Lo,Hi,Mid,T : integer;
  DC: HDC;
  Lo := iLo;
  Hi := iHi;
  mid := ia[(Lo+hi) div 2];
    DC := GetDC(Form3.Handle);
    while ia[Lo] < mid do Inc(Lo);
    while ia[Hi] > mid do Dec(Hi);
    if Lo <= Hi then
      T := ia[Lo];
      SetPixel(DC, ia[Lo]+5,Lo+5, clBlue);
      SetPixel(DC, ia[Hi]+5,Hi+5, clBlue);
      ia[Lo] := ia[Hi];
      ia[Hi] := T;
      SetPixel(DC, ia[Lo]+5,Lo+5, clLime);
      SetPixel(DC, ia[Hi]+5,Hi+5, clLime);
  until Lo > Hi;
  if Hi > iLo then QuickSort(ia,iLo,Hi);
  if Lo < iHi then QuickSort(ia,Lo,iHi);
  ReleaseDC(Form3.Handle, DC);

function BubbleThread(parms:pointer) : LongInt; far;

function QuickThread(parms:pointer) : LongInt; far;

procedure TForm1.Button1Click(Sender: TObject);
  i : integer;
  ThreadID : dWord;
  numItems := strToInt(Edit1.Text);
  if numItems <= aMax then
    form2 := TForm2.Create(self); := 140;
    form2.left := 2;
    form2.clientheight := numItems+10;
    form2.clientwidth := numItems+10;
    form2.color := clBlue;
    form2.caption := 'Bubble Sort';;;
    form3 := TForm3.Create(self); := 140;
    form3.left := 320;
    form3.clientheight := numItems+10;
    form3.clientwidth := numItems+10;
    form3.color := clBlue;
    form3.caption := 'Quick Sort';;

    for i := 0 to numItems-1 do
      a[i] := random(numItems);
      b[i] := a[i];
      form2.canvas.pixels[a[i]+5,i+5] := clYellow;
      form3.canvas.pixels[b[i]+5,i+5] := clLime;
    T1 := createThread(nil,0,@BubbleThread,nil,0,threadID);
    setThreadPriority(T1, BubbleTrackBar.Position);
    T2 := createThread(nil,0,@QuickThread,nil,0,threadID);
    setThreadPriority(T2, QuickTrackBar.Position);
    Form1.Caption := 'Too Large!';


A Much Better Version of a Delphi Multi-Threaded Sort Demo

A much better version of a Delphi multi-threaded demo shipped in the release version of Delphi 2 (release date: February 10, 1996) is available on GitHub. You can download the Delphi multi threading demo by Bob Ainsbury and Ray Konopka that first appeared at the 1995 Borland Conference.

My Best Delphi Program

The best Delphi program I ever created is one that I haven’t written yet!

Additional Information

Embarcadero Delphi product page –

Parts of this post first appeared on my Embarcadero Blog article celebrating the 27th birthday of Delphi –

Remembering the Iconic Windows 95 Launch by Lance Ulanof –

Delphi 2 Unleased by Charlie Calvert –

My First Trip to “The Computer Doctor”

The first personal computer I owned was an IMSAI 8080 kit computer that I bought and put together in December 1975.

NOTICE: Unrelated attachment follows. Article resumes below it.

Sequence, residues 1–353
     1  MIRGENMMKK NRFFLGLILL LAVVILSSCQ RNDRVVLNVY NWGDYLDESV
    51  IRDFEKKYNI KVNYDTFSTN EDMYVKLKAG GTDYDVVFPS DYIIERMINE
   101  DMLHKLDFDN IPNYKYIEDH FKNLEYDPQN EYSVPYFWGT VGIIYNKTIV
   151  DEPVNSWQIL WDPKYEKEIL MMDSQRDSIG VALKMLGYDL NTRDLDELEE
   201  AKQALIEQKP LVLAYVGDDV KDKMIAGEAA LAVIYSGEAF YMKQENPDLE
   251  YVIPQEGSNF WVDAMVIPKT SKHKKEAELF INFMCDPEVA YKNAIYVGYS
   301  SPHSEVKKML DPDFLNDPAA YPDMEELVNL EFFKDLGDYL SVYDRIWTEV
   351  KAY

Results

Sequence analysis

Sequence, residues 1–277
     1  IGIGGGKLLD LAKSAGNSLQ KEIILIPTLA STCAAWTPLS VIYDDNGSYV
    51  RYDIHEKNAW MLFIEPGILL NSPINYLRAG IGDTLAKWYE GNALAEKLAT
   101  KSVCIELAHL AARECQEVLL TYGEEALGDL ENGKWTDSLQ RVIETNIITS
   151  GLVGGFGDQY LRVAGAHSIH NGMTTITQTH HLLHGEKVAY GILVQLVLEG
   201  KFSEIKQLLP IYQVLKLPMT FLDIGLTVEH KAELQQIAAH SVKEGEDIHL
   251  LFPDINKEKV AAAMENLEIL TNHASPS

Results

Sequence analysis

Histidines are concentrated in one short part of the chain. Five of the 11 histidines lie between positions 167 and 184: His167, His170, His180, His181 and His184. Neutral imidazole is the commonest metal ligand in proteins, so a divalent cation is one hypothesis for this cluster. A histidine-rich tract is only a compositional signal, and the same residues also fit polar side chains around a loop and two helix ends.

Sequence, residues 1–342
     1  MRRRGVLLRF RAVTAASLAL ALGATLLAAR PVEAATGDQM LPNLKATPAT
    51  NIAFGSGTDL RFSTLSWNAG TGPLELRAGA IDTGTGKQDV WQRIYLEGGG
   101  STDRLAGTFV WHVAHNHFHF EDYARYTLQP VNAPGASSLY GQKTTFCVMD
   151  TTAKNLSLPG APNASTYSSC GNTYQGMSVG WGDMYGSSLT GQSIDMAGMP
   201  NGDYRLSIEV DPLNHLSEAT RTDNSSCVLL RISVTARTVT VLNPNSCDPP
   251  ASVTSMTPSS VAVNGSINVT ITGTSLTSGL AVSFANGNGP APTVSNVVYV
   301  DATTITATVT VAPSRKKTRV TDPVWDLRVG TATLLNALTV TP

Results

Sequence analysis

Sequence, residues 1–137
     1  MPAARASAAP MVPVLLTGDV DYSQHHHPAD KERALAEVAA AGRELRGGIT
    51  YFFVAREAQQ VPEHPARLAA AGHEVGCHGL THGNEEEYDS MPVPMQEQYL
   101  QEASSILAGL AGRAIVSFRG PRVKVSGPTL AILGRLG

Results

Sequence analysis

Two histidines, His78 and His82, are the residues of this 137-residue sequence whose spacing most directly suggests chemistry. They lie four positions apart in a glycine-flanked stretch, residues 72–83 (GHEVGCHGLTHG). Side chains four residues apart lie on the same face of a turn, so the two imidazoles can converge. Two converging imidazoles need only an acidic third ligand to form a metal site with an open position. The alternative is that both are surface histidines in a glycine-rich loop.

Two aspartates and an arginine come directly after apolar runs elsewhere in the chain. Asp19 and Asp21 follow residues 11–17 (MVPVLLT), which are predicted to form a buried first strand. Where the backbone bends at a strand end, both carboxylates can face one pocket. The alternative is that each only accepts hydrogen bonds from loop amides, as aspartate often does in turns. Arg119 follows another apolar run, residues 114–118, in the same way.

Putting the IMSAI kit together involved a lot of soldering:

  • Soldered all twenty-two slot S-100 bus connectors onto the non-solder-masked motherboard
  • Soldered the front panel circuit board, Intel 8080 processor board and two 4K static RAM boards (lots of chips, connectors, resistors, capacitors, etc.)
  • Soldered the power supply with its large capacitors
  • Visually inspected all of the boards, motherboard, checked things with a voltmeter.
  • Assembled the Front Panel involved snapping on the cool looking blue and red paddle switches and the power switch, inserting the boards into the S-100 connectors.

It was time to plug in the power cord and turn the computer on for the first time (while crossing my fingers, toes, legs and eyes). When I turned it on, the front panel LEDs did light up, but pressing the stop and reset panel switches did nothing. There was no smoke or smell (always a good sign). I looked again at the boards. I pulled out and plugged back in the boards and tried again. No Joy!

I was a member of the Southern California Computer Society (SCCS) which met monthly at the TRW Space Park campus in Redondo Beach California (Note: at the time I was a real time Data General Nova assembly language programmer for a division of TRW – TRW Data Systems in El Segundo California). The monthly meeting was a place to talk about computers, buy kits, trade parts and keep up to date on what was happening in computing outside of work.

At the next monthly SCCS meeting at TRW Space Park (Redondo Beach), I left the computer with one of the vendors at the Saturday meeting, “The Computer Doctor”, who said he would find any soldering or component problems, get it running and give me a call. A week later, I got the call and the computer doctor said he had found some bad soldering, some solder that had spilled across some of the motherboard and computer board traces. I drove to his house and picked up my IMSAI. The doctor also suggested that I buy a bus terminator board from Godbout Electronics to “quiet” the non-solder-masked motherboard.

I brought my IMSAI back to my apartment, plugged it in, pressed the stop and reset paddle switches and my personal computer was ready for me to put some Intel 8080 instructions into memory and press the Run button. The IMSAI manual had a simple starting machine code program to display the LEDs on the front panel. It also had a “game” example where you had to try and turn the LEDs all off our on as they were changing.

The fun fact is that “The Computer Doctor’s” actual name was George Tate. Some of you remember George Tate as the co-founder of Ashton Tate Software and dBase fame.

I still have that original IMSAI 8080 computer and the last time I took it our and turned it on (a couple of years ago), it still worked.